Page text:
What do an opera singer, unsung heroines and a playwright have in common? They will be featured at three different programs at The Ebell of Los Angeles during Women’s History Month in March. Sylvia Boyd will present a musical history of opera singer Marian Anderson’s life at a program Mon., March 5 beginning with a social hour at 11:30 a.m. Anderson was the first African American to sing with the Metropolitan Opera in 1955, and she also was the first to perform at the White House. Ticket cost is $30 for members; $35 for non-members. Little known female powerhouses will be saluted at “Look What She Did,” a program on Wed., March 21 at 6:30 p.m., highlighting the accomplishments of five women. Ebell members will describe the achievements of women ranging from an Egyptian queen to an Ebell founder. Tickets are $10. Playwright Jennifer Maisel’s “The Last Seder” will be performed on Sun., March 25 beginning at 5 p.m. followed by a light supper. The play reading, directed by Jessica Kubzansky, tells the story of a dysfunctional family celebrating Pass-
over. Open to the public with free parking. For tickets go to www.ebelleventtickets.com
Spring concerts at All Saints’
The All Saints’ Choir and Orchestra performs Maurice Duruflé’s “Requiem” and Gabriel Fauré’s “Messe Basse” at All Saints’ Church, 504 N. Camden Dr., Beverly Hills, Fri., March 9 at 8 p.m. Tickets are $25 for adults and $15 students and seniors. As a prelude to Holy Week, the All Saints’ Choir will sing a special choral Eucharist, featuring the music of Francisco Guerrero and Orlande de Lassus, Fri., March 23 at 7:30 p.m. For more information, visit allsaintsbh.org/music.
Don’t make a weak preemptive opening bid in fourth seat There is no reason to preempt (open with a weak 2 or 3) in fourth seat. The purpose of a preempt is to keep opponents out of the bidding or to keep them from finding a contract. If you are in fourth seat and everyone has passed, you know that since neither opponent has an opening hand, the most they can have between them is around 22 High Card Points (HCP) or less and probably don't have a game. So if you have a weak hand with a good six-card suit in fourth seat and you open the
bidding, there’s a good likelihood that between them your opponents have more points than you and your partner. If you open with a weak bid and they then enter the bidding, you have allowed them to find a part score they could make. As a result, there's no reason to open the bidding with a sub-opening hand in fourth seat. To do so just invites opponents to search for a part score contract they can make. If you don’t have enough HCP to make an opening 1 bid in fourth seat, pass. As a result of this, a two lev-
Bridge Matters by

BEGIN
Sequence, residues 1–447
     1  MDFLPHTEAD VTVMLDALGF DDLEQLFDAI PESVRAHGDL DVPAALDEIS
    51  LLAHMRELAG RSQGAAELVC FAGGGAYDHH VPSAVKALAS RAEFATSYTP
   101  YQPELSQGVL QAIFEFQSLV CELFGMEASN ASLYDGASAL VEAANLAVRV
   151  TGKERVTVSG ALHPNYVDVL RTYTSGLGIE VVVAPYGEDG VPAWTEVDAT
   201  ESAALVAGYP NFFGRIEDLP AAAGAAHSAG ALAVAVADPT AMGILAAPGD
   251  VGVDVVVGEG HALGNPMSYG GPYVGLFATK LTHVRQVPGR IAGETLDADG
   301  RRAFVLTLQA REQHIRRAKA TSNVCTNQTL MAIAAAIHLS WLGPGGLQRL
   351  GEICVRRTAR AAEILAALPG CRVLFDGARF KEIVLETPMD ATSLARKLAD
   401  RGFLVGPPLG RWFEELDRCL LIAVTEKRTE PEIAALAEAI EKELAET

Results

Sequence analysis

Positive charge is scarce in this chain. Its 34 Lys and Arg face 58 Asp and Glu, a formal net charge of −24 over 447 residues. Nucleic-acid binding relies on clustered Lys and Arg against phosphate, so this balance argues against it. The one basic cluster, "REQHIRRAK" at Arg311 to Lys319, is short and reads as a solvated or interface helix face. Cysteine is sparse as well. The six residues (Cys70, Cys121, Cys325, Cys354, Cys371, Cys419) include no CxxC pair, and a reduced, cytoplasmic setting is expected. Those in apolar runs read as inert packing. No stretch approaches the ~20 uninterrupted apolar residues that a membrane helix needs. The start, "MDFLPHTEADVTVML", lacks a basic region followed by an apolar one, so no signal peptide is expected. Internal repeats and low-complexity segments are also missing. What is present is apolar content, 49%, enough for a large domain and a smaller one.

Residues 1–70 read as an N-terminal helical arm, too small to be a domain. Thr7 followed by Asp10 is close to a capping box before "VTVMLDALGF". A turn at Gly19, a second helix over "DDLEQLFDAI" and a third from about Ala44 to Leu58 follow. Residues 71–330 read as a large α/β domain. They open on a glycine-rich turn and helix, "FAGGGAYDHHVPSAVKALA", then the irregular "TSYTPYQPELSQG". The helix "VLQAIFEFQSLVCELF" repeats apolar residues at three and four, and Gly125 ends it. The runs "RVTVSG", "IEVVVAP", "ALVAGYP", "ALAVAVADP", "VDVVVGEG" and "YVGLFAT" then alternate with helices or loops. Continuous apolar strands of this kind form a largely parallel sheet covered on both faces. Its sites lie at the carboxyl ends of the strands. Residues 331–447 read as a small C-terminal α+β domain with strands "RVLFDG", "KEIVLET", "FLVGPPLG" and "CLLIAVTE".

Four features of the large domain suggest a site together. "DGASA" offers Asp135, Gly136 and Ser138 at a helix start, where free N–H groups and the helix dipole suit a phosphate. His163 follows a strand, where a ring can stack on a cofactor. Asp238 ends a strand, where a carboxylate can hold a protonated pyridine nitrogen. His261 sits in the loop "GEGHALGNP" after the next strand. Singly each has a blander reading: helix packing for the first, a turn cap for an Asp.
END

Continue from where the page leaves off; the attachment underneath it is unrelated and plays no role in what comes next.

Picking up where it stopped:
Grand Slam el opening bid in fourth seat is available for a descriptive bid other than a weak two, if you have an opening hand. I use it to show 12+ HCP with a six card suit. So if I have 12+ HCP with a five card or less suit, I just open at the one level. But if I have a six-card suit with an opening hand or better, I open at the two level. This has two positive effects: 1. It more specifically describes your hand to partner and allows you to proceed bidding without having to rebid your suit to show six cards; and 2. It hinders opponents from entering the bidding to find any contract they might have because the level is too high to start exploratory bidding when they know you have an opening hand or better. With that as a preamble, here's a hand we held recently:
L to R: Simon, Mark, Donny, Victor, Bob, Pete, Zeb, Mundo, Kris, Matt, Bronco, and Alicia
North ♠ AJT652 ♥ 6543 ♦T ♣ Q7
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West (Me) ♠ K3 ♥ KQ972 ♦ J93 ♣ 986
South (Dealer) ♠ Q97 ♥ AJT8 ♦6 ♣ JT542
Bidding: South West North East P P P! 2D P 2H P 3C P 3N P P P My partner played our system and opened 2D, although it's puzzling why North did not preempt with 2 spades in third seat. There is a feeling that you should not preempt if you have an outside fourcard major. But in this situation, North, in third seat, must preempt with 2 spades, holding six spades and three of the top five honors. He should forget his four little hearts, especially in third seat. If North preempts with 2S, it would make our finding 3 no trump (3N) extremely difficult, if not impossible. But when your opponents make a mistake, take advantage of it, and we did. I felt my partner probably had a pretty good hand, 15-16 HCP; I had no reason for that other than instinct. I did know that she had an opening hand
HERlead Fellowship deadline March 8
East ♠ 84 ♥ Void ♦ AKQ87542 ♣ AK3
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This just in from Annie Cipolla, senior librarian at John C. Fremont Library: girls in grades 10 and 11 are invited to apply to HERlead Fellowship, a Vital Voices leadership program, by Thurs., March 8. The program selects 30 applicants to be “Fellows” for the year who will be mentored by women business leaders, participate in a leadership program and attend a conference in June. Visit herlead.vitalvoice.org.
with six diamonds, so I immediately thought we had a shot at 3N since I had three diamonds to an honor. My heart bid showed a good five-card suit. Since I already knew she had at least six diamonds, she was free to bid 3 clubs to show a club stopper. That's all I wanted to know. When she had my unstopped suit, and I had a spade stopper, I bid 3N, expecting a spade lead into my king doubleton. You can see that if North leads a heart, South takes the ace; and if she shifts to the queen of spades through my doubleton king, they can defeat the contract, taking one heart and six spades before I can get in. But, as anticipated, I got the opening lead of the jack of spades (the unbid suit and the standard lead given North’s spade holding), and we took 11 tricks (one spade, eight diamonds, and two clubs) off the top. Grand Slam is the nom de plume for an author of a bestselling book on bridge, an ACBL accredited director and a Silver Life Master.